New Investors: 2 Top Dividend Stocks to Start a TFSA

Canadian investors are searching for quality stocks to hold inside their TFSA portfolios.

The strategy makes sense, as the full value of any dividends paid inside the TFSA are protected from the taxman and can be invested in new shares. Over time, this technique takes advantage of the power of compounding, and a modest initial investment could turn into a significant nest egg.

In addition, any capital gains realized inside the TFSA are also tax-free, so investors get to keep all of the money when the time comes to cash out.

Let’s take a look at Fortis Inc. (TSX:FTS)(NYSE:FTS) and Toronto-Dominion Bank (TSX:TD)(NYSE:TD) to see why they might be interesting picks.


Fortis owns natural gas distribution, electric transmission, and power generation assets in Canada, the United States, and the Caribbean.

Growth has come through organic developments and strategic acquisitions, with the latter being the most prominent in recent years.

In 2014, Fortis spent US$4.5 billion to acquire Arizona-based UNS Energy. Last year, the company spent US$11.3 billion to buy Michigan-based ITC Holdings. The integration of both companies has gone well, and the assets are contributing to revenue and cash flow as expected.

As a result, Fortis plans to raise its dividend by at least 6% per year through 2021.

The company has increased the payout every year for four decades, so investors should be comfortable with the guidance. At the time of writing, the distribution provides a yield of 3.5%.


TD is best known for its Canadian retail operations, but the company actually has more branches south of the border than it does in the home country.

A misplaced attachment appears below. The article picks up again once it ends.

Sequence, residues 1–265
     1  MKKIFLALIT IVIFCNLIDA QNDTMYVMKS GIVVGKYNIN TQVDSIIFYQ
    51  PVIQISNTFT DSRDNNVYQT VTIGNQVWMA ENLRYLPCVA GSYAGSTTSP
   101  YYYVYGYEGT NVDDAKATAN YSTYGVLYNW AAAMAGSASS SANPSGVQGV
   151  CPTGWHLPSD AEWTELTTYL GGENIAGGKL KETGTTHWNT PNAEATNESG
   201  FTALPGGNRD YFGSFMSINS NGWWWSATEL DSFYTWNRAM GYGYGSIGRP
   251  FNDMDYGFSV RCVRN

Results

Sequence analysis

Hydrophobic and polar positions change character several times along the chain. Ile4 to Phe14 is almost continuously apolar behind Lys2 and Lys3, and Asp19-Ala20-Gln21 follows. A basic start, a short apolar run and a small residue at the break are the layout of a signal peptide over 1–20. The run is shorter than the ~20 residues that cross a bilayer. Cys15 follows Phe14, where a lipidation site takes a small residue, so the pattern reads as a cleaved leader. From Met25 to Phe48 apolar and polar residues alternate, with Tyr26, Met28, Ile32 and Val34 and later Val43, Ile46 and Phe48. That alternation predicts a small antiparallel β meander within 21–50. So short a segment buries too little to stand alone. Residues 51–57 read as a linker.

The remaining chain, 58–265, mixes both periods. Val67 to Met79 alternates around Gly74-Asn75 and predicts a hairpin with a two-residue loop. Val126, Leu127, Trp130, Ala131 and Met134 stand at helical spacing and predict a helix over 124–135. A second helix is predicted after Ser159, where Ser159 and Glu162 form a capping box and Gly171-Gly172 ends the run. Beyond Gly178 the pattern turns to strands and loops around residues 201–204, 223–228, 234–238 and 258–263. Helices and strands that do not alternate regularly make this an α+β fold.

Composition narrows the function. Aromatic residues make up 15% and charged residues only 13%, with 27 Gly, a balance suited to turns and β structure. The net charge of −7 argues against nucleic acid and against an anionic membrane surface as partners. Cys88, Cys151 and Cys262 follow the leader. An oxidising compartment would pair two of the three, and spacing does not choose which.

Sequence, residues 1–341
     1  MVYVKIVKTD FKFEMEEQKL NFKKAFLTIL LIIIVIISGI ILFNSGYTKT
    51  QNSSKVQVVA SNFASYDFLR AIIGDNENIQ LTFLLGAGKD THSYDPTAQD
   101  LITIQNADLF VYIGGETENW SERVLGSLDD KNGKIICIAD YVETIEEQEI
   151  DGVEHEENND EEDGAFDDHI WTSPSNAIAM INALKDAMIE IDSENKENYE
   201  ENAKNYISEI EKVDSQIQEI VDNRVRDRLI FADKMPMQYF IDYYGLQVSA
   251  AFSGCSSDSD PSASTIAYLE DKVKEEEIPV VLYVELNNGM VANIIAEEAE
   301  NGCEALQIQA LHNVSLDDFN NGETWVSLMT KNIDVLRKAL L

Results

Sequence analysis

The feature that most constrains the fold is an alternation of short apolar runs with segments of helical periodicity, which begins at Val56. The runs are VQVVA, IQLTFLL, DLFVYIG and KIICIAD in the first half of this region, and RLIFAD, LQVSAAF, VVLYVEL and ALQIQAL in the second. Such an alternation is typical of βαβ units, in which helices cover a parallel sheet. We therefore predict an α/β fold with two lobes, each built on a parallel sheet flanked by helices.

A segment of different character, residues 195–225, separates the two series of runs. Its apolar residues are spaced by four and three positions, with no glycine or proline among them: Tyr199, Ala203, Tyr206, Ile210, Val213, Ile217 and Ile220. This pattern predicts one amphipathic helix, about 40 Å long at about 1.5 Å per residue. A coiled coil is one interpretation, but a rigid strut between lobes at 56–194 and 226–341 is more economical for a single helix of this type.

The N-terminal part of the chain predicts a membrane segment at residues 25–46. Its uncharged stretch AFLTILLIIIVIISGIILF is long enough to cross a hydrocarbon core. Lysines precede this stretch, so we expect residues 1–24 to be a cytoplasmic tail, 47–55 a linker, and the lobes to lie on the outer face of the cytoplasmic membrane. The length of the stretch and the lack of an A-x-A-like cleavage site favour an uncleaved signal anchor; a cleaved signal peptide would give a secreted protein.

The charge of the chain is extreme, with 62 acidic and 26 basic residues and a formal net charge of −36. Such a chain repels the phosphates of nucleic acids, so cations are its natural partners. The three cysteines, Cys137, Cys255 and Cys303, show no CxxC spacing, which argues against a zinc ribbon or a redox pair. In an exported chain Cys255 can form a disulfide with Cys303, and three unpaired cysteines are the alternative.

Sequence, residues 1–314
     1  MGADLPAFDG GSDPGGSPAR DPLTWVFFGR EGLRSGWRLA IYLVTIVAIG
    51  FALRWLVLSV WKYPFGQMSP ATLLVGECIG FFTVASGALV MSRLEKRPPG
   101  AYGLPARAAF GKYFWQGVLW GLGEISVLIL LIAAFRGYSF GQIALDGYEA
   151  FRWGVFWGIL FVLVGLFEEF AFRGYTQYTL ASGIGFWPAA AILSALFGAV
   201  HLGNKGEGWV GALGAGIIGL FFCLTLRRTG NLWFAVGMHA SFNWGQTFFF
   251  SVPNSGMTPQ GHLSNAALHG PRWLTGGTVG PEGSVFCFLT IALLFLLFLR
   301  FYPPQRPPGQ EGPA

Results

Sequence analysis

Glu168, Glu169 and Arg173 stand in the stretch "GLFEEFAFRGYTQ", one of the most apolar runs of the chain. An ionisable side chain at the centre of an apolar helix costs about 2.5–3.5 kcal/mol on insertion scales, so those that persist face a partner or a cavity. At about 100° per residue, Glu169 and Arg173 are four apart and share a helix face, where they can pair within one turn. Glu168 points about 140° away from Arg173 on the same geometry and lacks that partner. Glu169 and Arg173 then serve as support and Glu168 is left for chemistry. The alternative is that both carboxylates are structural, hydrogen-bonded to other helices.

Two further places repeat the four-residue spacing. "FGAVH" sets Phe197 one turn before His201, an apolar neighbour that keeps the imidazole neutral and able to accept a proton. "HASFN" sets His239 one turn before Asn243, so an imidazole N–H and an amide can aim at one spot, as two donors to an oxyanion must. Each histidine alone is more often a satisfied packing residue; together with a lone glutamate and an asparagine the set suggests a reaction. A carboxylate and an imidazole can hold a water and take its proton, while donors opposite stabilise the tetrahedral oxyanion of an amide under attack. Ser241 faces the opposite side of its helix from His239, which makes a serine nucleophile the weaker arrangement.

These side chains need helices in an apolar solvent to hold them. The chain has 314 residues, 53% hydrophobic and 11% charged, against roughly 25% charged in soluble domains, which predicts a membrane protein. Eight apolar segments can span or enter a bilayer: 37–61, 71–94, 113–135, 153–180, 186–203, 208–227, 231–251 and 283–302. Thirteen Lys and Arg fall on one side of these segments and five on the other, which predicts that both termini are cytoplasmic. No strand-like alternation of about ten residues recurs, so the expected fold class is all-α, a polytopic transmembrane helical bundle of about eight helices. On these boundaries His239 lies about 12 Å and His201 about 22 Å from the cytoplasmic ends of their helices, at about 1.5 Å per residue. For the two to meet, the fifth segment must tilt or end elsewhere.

The U.S. business has grown significantly over the past decade and now represents more than 30% of the company’s earnings.

That’s a nice hedge against any potential trouble in the Canadian economy.

Some investors are concerned the uptick in interest rates is going to trigger a collapse in the Canadian housing market. It’s true that a total meltdown would be negative for the banks, but most experts expect a gradual pullback, and TD’s mortgage portfolio is capable of riding out a downturn.

Overall, rising rates tend to provide net benefits to the banks.

The stock has a strong track record of dividend growth, and that should continue. TD’s distribution provides a yield of 3.6%.

Is one more attractive?

Both stocks should be solid buy-and-hold picks for a TFSA dividend portfolio. At this point, I would probably split a new investment between the two companies.

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Fool contributor Andrew Walker has no position in any stock mentioned.

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